In climate systems, the memory may be "stored" in slow-response variables, which may yet influence the reactions of fast-response variables to various forcings. The geological system is extremely complicated, because local climatic factors, which are driven by such things as ocean currents and the distribution of continental land masses are strongly influenced over the long-term by tectonic activity; and over shorter timescales by the distribution of fresh water bodies, themselves being altered in response to isostatic uplift. Slow variations occasionally lead to catastrophic events, meaning sudden irreversible changes can occur in what had been a slowly evolving system.

Many economic systems appear to have long memory. The activities of today are influenced by events of the past. Nixon striking down the last vestige of the gold standard, Volcker raising interest rates, the "strong dollar" policy of Summers, the wars of Bush the Elder and Bush the Younger, Obama's lates raise of the debt ceiling--all of these have had impacts that have rippled through the USD gold price from then until today.

Dynamic systems analysis--at least the type used on this blog--work best on systems that have this kind of memory. The lessons of the past must echo, at least in some form, through the system for analysis to give us some interpretable results, as they do for unemployment and the gold-silver ratio.

HFT algos are different. They have no memory and only dream of a concept of value. Arguably, they estimate a value on the basis of variability in observed parameters; but their means of acquiring or disposing of a stock subverts the normal method of price discovery. Each trade during a flash crash has no identifiable connection with previous trades, but represents that maximizing of an unpredictable opportunity. When the flash is done, normal trading between human resumes as if nothing had happened.

Tuesday, August 9, 2011

Flash crash: business model or indicator?

After the series on deconstructing algos, a few things become clear:

1) HFT, by and large, does not increase liquidity. On the contrary, it works by reducing liquidity at key intervals (during periods of determined buying or selling), resulting in larger price moves than would otherwise be the case.

2) We can distinguish between the brief episodes when an algo clears out those pesky human bids from those when two algos are going toe-to-toe in a stat arb war, as well as those intervals when an algo is taking some hapless mutual or pension fund to the cleaners.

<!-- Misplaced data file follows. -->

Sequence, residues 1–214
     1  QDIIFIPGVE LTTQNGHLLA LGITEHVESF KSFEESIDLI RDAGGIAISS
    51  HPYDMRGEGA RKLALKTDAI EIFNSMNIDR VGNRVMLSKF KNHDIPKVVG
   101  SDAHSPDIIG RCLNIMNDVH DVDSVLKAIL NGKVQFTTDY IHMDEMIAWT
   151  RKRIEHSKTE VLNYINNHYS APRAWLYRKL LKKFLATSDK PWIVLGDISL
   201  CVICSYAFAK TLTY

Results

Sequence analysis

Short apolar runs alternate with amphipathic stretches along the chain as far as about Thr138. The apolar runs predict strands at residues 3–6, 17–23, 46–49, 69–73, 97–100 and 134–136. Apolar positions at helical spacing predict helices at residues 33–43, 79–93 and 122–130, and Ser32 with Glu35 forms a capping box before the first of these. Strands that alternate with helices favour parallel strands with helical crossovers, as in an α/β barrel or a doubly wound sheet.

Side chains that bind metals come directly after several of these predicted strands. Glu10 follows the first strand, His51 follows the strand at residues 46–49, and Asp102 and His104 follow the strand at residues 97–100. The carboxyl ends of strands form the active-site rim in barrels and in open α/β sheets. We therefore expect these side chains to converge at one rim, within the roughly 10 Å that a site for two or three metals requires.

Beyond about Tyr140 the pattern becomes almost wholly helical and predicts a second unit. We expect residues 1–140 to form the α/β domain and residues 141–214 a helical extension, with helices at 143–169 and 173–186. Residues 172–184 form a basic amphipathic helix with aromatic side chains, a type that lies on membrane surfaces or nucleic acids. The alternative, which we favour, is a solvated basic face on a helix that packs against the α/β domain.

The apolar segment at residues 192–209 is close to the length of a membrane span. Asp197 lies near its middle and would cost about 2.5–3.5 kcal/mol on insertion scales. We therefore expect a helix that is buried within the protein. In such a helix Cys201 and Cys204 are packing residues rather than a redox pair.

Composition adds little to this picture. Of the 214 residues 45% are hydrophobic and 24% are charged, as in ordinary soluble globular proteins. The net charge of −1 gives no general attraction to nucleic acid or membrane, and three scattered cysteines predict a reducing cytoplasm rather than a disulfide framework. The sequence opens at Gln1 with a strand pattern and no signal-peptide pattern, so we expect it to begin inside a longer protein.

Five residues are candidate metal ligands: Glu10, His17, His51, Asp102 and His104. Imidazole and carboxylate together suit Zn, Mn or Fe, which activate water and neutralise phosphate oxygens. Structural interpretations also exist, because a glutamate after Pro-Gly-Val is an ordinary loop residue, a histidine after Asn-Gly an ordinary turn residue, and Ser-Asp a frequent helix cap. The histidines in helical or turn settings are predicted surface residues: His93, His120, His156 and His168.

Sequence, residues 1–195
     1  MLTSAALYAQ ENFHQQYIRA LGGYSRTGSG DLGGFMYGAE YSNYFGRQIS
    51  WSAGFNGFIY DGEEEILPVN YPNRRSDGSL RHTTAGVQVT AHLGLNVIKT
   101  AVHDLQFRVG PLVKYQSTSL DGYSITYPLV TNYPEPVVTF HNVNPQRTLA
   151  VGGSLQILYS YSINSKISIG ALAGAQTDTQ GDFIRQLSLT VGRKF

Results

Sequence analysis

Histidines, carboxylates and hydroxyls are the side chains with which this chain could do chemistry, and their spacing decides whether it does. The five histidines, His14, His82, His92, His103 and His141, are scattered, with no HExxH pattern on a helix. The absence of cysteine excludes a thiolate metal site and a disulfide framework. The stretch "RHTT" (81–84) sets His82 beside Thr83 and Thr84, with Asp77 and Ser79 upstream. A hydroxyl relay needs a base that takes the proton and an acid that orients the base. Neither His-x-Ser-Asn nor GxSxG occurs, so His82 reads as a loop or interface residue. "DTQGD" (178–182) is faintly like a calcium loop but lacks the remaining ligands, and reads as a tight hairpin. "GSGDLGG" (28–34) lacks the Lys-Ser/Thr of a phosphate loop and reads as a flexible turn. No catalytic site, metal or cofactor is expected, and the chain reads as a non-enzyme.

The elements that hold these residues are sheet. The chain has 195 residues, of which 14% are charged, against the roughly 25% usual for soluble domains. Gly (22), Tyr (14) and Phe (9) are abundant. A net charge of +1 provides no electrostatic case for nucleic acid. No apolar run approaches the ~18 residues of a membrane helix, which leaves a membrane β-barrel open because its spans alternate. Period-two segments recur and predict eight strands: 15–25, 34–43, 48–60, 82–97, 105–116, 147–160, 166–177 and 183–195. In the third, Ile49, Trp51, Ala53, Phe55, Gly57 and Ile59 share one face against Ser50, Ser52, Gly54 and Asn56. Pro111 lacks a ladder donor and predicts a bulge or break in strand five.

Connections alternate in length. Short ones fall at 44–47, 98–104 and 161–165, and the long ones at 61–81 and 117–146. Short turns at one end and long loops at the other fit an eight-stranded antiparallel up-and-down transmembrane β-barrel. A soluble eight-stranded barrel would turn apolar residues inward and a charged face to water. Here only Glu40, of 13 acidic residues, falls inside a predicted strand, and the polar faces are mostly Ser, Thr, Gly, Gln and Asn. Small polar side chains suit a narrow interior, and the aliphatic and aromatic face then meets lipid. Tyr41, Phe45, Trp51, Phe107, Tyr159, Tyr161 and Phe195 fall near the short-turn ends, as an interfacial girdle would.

Examples below are accessible through here, except for the first one which was posted here.

Eliminating human bids before the fun begins--2 s.

Scalping the fund by removing liquidity in the face of determined buyingNote the sudden
 rapid rise in stock price while the fund buys, and the price returns to normal afterward.

Two algos slugging it out. Notice a lot of activity in the bid/ask but very few trades actually occur.

Two algos duel. Then, at 10:25, a committed buyer shows up for a scalping.

A committed seller experiences HFT (note the rapid decline in price).

The flash crashes occur because somebody needs to sell a quantity of shares. The algos "perceive" the orders coming to market and choke off liquidity, and the seller gets a poor price.

The flash "rises" occur because somebody needs to buy. In response to demand, the algos again remove liquidity.

In neither case is liquidity being offered when it is needed. In fact, the exact opposite is occurring. By systematically removing liquidity when it is needed most, HFT algos destabilize the system. This destabilization is merely a side effect--the algos increase the profits of the companies that operate them. But this is very much like the Enron method of doing business--shut down plants at a time of soaring electricity demand to line your own pockets while possibly bringing down the electrical network.

Days with a lot of flash crashes, as on Friday (August 5), are days where there is a lot of institutional selling. It is possible that the focussed withdrawal of liquidity by these service providers contributed to the rather steep decline of the indices on that day.

Friday, August 5, 2011

Deconstructing algos part 5: Are there any humans in the market?